10:07 p.m. – When the clock hits 0:00, I always have this instinctual urge to get to the field as quickly as possible. There’s never time to waste and, even though it had been a quick game, the fact that I got stuck in a slow-moving exit row from the bleachers was making me crazy. This was partially due to an arm rail that divided the steps leading down the bleachers and, as luck would have it, the line on the other side of the arm rail was moving much faster. So I turned and asked a lady who was just behind me on the less-congested side of the arm rail to please hold up. Then I did something stupid: I put one foot on the lower bar of the arm rail and launched myself upward, hopping the upper rail and clearing it with both feet. I didn’t stick the landing, but I didn’t fall down either. It actually worked kind of perfectly, because my reckless move communicated to everyone in the bleachers that I was in a frantic hurry and willing to sacrifice my body to get to the field as quickly as possible.

11:10 p.m. – With my game story written and emailed and provisions gathered at a Stripes convenience store, Jacob and I turned the car onto Highway 6 and our attention to late-night driving conversation. I usually make this drive by myself, so talking to Jacob about rock documentaries for well over an hour made the time go by faster than usual.


1:37 a.m. – We checked in at the La Quinta in Abilene a few hours after a college football team from New Mexico, so there were only two rooms left and they were both smoking rooms. It only took one trip back to the front desk to get a key that worked, though, so I guess we came out ahead in the deal.

3:30 p.m. – We watched the Baylor vs. Kansas State game in my parents’ RV at Texas Tech’s RV tailgating lot. The action on the TV was only slightly better than that inside the motor home as my 5-year-old nephew Evan and my mom raced remote control cars. There was a lot of crashing in both.

6:15 p.m. – It’s been more than 17 years since I graduated from Texas Tech, so I don’t see a lot of familiar faces in the press box anymore. So I was very happy to see Sheila Tucker up there. Sheila was the administrative assistant in the athletic media relations office when I worked there for four years. She was my Tech mom. She retired a couple years ago, which meant I was lucky her husband Neil was making her watch the game in the press box so she didn’t yell herself hoarse in the stands. Sheila and Neil and I caught up on all things Texas Tech and Lubbock and Idalou, where they live. At halftime, I could feel a headache coming on, so I went to find Sheila, who had Advil in her purse. I guess she’s still my Tech mom.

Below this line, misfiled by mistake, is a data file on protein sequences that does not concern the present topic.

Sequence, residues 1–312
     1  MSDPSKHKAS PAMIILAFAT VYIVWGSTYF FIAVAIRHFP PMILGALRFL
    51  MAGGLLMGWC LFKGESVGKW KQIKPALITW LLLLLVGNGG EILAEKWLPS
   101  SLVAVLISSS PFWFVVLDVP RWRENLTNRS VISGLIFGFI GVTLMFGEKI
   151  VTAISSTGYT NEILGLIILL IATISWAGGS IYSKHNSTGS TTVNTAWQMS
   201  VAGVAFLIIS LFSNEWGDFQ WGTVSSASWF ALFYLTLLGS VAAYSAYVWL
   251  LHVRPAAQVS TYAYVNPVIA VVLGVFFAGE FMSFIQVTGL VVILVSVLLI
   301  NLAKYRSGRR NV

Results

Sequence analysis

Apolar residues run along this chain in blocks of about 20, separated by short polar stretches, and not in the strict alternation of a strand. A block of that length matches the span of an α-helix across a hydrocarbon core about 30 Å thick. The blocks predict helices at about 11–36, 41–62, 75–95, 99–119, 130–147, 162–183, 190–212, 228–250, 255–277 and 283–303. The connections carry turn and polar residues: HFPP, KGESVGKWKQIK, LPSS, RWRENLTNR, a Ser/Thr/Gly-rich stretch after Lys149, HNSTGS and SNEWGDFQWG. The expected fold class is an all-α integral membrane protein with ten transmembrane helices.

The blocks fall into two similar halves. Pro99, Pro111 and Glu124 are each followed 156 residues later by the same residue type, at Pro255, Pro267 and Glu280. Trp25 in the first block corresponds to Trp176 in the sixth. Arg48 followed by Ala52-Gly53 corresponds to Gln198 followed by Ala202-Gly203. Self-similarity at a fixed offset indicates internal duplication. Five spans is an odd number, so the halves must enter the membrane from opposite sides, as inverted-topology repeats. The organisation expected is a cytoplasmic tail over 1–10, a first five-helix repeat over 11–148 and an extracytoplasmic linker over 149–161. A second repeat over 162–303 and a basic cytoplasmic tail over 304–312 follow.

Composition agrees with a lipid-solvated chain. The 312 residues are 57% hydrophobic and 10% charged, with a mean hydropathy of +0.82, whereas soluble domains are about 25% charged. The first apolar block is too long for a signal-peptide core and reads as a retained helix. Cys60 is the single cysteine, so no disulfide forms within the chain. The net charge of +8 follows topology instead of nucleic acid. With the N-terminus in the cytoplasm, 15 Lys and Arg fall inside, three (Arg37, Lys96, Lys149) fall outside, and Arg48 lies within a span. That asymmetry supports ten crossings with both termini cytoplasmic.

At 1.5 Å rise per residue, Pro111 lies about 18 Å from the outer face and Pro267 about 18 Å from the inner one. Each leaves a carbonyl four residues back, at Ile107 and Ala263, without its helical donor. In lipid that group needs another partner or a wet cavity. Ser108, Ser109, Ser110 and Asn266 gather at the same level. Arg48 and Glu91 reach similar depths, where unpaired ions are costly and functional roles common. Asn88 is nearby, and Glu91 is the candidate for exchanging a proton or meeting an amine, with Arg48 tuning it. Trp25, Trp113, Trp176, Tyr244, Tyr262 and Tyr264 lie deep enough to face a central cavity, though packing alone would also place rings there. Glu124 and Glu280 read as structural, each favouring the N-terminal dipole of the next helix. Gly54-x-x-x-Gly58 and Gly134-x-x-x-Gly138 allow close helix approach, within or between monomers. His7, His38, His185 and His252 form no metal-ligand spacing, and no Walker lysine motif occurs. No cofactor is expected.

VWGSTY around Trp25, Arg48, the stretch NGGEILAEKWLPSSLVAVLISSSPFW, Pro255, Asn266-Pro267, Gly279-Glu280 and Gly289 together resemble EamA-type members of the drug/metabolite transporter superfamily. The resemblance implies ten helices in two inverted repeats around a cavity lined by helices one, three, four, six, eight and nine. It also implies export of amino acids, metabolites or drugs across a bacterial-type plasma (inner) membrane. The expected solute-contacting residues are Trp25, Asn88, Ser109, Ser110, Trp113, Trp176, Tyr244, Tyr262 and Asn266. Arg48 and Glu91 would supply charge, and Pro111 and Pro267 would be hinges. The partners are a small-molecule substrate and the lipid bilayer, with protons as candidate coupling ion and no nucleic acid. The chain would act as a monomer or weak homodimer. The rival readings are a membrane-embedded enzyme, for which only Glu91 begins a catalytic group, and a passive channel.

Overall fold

Earlier during pregame, I visited with a student named Curry Wilson, whom I met in January at a basketball game. I always like chatting with student assistants in the press area since that’s where I spent every game day of my college life.

11:15 p.m. – Oklahoma State won a close football game, 41-34. In the postgame interview room, I realized I don’t dislike Cowboys coach Mike Gundy anymore. I know why I didn’t like him in the first place as he made it cool for football coaches to yell at reporters in 2007 when he screamed “I’m a man! I’m 40!” at a female reporter (following a win over Texas Tech, coincidentally). And I subsequently got yelled at soon thereafter. But that’s another story. I don’t know why I’m now at peace with my perception of Gundy. Maybe it’s because he’s hunkered down and done a good job at a school that faces a lot of the same challenges as Texas Tech in competing in the Big 12.


7:30 a.m. – We pulled out of the La Quinta parking lot in Sweetwater right on schedule. When the late-night drive was done and we checked into another hotel, we had given ourselves almost five hours to sleep. Then, at sunrise, we headed for Arlington.

As far as I can tell, people have one of two opinions about West Texas’s natural gifts: it is flat and ugly; and the much more thoughtful opinion that it is rugged and beautiful. I suppose you can guess where I land. Watch the sun rise over a wide valley and a plateau in the distance and see if you don’t lean to the latter viewpoint, too.

12:25 p.m. – I started to drag during the first half of the Cowboys-Rams game. And then I remembered there was coffee. Thank you, Jerry Jones, for having Dunkin’ Donuts coffee in the press box.

5:19 p.m. – The Rams defeated the Cowboys after Dallas’s offense did a second-half disappearing act. I wrote my game story and then a sidebar and went to find Jacob, who was pulling the car around. The sunshine outside of AT&T Stadium felt good, especially since I was riding the relieved, joyful wave of having successfully filed four stories in about 42 hours.

One of my rock heroes, Tom Petty, died on the Monday following our football trifecta weekend. From my college days until now, I’ve taken a lot of inspiration from Petty’s music and so it feels appropriate to end this story like this:

“I rolled on as the sky grew dark
I put the pedal down to make some time
There's something good waitin' down this road

I'm pickin' up whatever's mine.”